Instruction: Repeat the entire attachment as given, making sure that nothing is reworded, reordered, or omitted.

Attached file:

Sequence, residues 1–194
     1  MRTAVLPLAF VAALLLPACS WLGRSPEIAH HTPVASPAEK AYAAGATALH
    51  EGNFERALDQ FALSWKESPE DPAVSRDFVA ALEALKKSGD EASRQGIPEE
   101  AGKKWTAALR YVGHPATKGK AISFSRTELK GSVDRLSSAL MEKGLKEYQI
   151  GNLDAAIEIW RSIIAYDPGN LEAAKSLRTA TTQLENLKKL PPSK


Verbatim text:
Sequence, residues 1–194
     1  MRTAVLPLAF VAALLLPACS WLGRSPEIAH HTPVASPAEK AYAAGATALH
    51  EGNFERALDQ FALSWKESPE DPAVSRDFVA ALEALKKSGD EASRQGIPEE
   101  AGKKWTAALR YVGHPATKGK AISFSRTELK GSVDRLSSAL MEKGLKEYQI
   151  GNLDAAIEIW RSIIAYDPGN LEAAKSLRTA TTQLENLKKL PPSK